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Glocalization: Global vs. Local, or Both?

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Anna is a sustainable fashion enthusiast with a Certificate of Sustainable Design and wrote her Master's Thesis on Sustainability Reporting.

What's "Glocalization"?

Glocalization is a term derived from merging the words "globalization" and "localization." The term symbolizes a balance between products containing both global and local components. A definition of the term often refers to glocalizing as “localizing the global” (i.e., taking a global product and adding a local element such as one incorporating an ethnic preference or local language) or “globalizing the local” (i.e., taking a local product and making it more general to make it more accessible to a wider audience).

In marketing, glocalization involves components such as translating communications and modifying messages to cater to the local market. It also contains considerations such as culture, religious beliefs, and social taboos.

"Going global" has become the way of doing business since companies face growing competition in domestic markets from both local and international competitors.

The term “glocalization” has its roots in Japanese business practices. It is derived from the Japanese word dochakuka, which means global localization, which originally referred to a way of adapting farming techniques to local conditions. Dochakuka evolved into a marketing strategy when Japanese businessmen adopted it in the 1980s, writing about it in the Harvard Business Review (Ohmae 1990, Robertson 1995).

Global vs. Local

When entering a foreign market, a company must make a fundamental decision—to standardize or adapt product offerings.

Advocates of standardization (global) suggest that the world is becoming homogeneous due to rapid advancements in transportation and communication technologies (Levitt 1983; Ohmae 1985). This standardized profile of consumers across borders potentially provides firms with opportunities to achieve cost savings using economies of scales in production, marketing, and other activities through standardization (O'Donnell and Jeong 2000). This approach emphasizes the financial benefits of standardization.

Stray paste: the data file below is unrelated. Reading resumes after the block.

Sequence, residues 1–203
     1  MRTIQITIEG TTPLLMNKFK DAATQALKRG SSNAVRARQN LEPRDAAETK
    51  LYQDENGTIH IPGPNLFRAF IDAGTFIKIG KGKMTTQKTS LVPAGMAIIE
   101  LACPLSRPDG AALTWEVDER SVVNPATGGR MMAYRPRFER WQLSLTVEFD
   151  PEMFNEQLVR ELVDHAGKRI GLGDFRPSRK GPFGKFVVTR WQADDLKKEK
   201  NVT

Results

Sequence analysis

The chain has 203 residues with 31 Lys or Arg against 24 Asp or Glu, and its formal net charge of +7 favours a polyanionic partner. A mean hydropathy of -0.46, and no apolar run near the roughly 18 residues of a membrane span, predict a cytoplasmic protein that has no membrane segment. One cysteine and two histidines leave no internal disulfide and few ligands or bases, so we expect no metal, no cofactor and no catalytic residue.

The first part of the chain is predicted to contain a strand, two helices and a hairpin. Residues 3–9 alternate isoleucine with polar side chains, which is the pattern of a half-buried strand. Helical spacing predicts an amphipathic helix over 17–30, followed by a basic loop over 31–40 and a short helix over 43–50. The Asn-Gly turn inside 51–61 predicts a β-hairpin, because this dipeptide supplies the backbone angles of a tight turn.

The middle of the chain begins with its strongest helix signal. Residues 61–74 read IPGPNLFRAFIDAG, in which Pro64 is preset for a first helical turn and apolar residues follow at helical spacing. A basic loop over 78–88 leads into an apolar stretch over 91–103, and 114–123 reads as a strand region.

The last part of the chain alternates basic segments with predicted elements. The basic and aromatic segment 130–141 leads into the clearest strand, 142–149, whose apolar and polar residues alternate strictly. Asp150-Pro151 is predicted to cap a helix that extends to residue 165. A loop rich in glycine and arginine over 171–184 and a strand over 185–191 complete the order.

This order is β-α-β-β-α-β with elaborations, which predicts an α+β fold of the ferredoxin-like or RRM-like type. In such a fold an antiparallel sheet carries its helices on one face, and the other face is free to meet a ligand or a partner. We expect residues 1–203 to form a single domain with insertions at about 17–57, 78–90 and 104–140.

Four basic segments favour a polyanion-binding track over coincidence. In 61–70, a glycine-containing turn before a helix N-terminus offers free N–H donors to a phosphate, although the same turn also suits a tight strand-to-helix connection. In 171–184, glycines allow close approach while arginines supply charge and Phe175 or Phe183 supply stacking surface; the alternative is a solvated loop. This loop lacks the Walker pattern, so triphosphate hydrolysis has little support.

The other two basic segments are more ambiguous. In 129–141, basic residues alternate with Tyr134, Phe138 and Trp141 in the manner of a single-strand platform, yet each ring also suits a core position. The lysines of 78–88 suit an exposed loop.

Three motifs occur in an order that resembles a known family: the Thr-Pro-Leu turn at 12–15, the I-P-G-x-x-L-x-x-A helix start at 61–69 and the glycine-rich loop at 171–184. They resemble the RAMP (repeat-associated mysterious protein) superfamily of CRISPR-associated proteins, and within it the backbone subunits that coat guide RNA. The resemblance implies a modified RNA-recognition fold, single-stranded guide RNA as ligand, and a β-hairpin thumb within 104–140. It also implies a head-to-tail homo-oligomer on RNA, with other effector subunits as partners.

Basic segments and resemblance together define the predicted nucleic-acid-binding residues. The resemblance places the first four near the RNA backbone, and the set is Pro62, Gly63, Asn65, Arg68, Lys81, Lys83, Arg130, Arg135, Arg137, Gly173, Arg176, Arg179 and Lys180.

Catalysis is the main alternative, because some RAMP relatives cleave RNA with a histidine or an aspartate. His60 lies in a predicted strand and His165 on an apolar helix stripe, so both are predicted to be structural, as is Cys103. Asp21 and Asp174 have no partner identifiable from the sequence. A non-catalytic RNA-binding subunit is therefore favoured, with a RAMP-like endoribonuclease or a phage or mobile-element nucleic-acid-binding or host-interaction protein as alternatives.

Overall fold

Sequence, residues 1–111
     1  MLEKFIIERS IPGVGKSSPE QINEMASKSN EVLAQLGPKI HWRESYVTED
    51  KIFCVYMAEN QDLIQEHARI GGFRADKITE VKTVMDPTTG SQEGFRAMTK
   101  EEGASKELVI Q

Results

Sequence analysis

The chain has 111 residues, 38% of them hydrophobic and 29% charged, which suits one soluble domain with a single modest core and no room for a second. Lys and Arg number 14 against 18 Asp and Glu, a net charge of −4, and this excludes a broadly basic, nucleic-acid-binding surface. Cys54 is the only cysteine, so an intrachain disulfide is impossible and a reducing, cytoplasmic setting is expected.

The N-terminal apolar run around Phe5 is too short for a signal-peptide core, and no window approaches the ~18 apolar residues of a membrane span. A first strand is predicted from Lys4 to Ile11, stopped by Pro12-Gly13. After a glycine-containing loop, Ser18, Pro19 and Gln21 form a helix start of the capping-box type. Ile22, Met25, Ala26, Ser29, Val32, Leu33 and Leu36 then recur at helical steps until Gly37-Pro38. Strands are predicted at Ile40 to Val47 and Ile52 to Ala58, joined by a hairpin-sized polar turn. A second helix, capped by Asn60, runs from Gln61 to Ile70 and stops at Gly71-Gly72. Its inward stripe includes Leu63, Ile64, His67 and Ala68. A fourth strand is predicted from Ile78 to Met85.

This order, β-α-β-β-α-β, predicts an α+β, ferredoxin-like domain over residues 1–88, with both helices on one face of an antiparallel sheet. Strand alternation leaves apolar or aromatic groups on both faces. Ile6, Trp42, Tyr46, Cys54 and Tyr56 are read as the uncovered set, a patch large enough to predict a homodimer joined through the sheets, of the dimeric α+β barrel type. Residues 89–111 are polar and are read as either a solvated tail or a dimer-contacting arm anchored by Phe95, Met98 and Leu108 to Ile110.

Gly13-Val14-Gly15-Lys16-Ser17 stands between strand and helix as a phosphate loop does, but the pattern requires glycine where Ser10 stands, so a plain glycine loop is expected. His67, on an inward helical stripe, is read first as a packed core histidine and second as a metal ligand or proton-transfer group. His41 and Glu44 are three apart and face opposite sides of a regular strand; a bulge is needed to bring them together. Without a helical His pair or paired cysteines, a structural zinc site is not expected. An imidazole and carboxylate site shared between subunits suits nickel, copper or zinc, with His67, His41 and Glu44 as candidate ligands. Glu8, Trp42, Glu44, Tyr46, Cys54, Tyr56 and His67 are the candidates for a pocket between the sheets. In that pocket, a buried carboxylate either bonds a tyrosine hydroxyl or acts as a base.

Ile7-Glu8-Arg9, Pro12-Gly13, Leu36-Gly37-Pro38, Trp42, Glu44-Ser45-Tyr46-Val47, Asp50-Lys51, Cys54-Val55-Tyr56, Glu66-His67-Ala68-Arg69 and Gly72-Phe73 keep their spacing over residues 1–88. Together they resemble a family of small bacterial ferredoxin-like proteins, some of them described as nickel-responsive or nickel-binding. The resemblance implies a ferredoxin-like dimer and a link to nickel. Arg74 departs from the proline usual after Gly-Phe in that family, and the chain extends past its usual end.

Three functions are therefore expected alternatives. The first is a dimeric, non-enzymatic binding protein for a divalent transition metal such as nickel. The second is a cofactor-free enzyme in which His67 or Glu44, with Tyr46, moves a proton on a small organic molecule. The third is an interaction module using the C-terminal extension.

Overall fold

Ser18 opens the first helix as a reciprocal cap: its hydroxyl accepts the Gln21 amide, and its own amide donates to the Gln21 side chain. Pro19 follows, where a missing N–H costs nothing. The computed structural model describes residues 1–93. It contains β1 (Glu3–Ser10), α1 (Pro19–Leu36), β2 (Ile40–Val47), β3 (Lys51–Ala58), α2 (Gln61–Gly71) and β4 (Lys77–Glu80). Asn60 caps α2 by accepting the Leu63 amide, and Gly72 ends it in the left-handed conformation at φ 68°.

On the other hand, proponents of adaptation (local) argue that there are major differences across borders that need to be considered—cultural differences, differences in the physical environment, religious beliefs, languages, legal requirements, economic development, and infrastructure (Hill and Still 1984; Boddewyn, Soehl et al. 1986; Wind 1986; Cavusgil, Zou et al. 1993; Zou and Cavusgil 1996, O'Donnell and Jeong 2000). The main concern with this approach is the impact of the external environment of the host country on the international marketing strategy.

Glocal Product

One example of a glocal product is Coca Cola. The world's number one brand varies the amount of sweetener and type of sweetener used for each market.

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Nonetheless, one ought to consider whether the debate should be concerning choosing adaption over standardization or vise-versa. Why should this be a zero-sum game? Fortunately, a third approach to entering international markets has been coined—glocal. The term is also referred to as “be global, act local” and has been widely accepted as an alternative approach that combines the traditional two (Will and Jacobs 1991; Sandler and Shani 1992; Rugman 2001). Local products have limited local demand and therefore need to enter international markets to increase their sales. And many global products have just a limited global demand and therefore need some local adaptions.


Levitt, T., 1983, The Globalization of Markets. Harvard Business Review, 61(May/June), 92- 102

O’Donnell, S. and Jeong, I., 2000. Marketing Standardization within Global Industries: An Empirical Study of Performance Implications. International Business Review, 17(1), 19-33

Rugman, A., 2001. The Myth of Global Strategy. International Marketing Review, 18(6), 583-588

Sandler, D.M. and Shani, D., 1992. Brand Globally but Advertise Locally?: An Empirical Investigation. International Marketing Review 9(4), 18-31

Will, J.S.C. and Jacobs, L., 1991. Developing Global Products and Marketing Strategies: A Construct and a Research Agenda. Journal of the Academy of Marketing Science, 19(1), 1-10

Wind, Y., 1986. The Myth of Globalization. Journal of Consumer Marketing, 3(2), 23-6

Zou, S. and Cavusgal, S.T., 1996. Global Strategy: A Review and an Integrated Conceptual Framework. European Journal of Marketing, 30(1), 53-69

This article is accurate and true to the best of the author’s knowledge. Content is for informational or entertainment purposes only and does not substitute for personal counsel or professional advice in business, financial, legal, or technical matters.


josiah naguar on November 08, 2017:

good stuff

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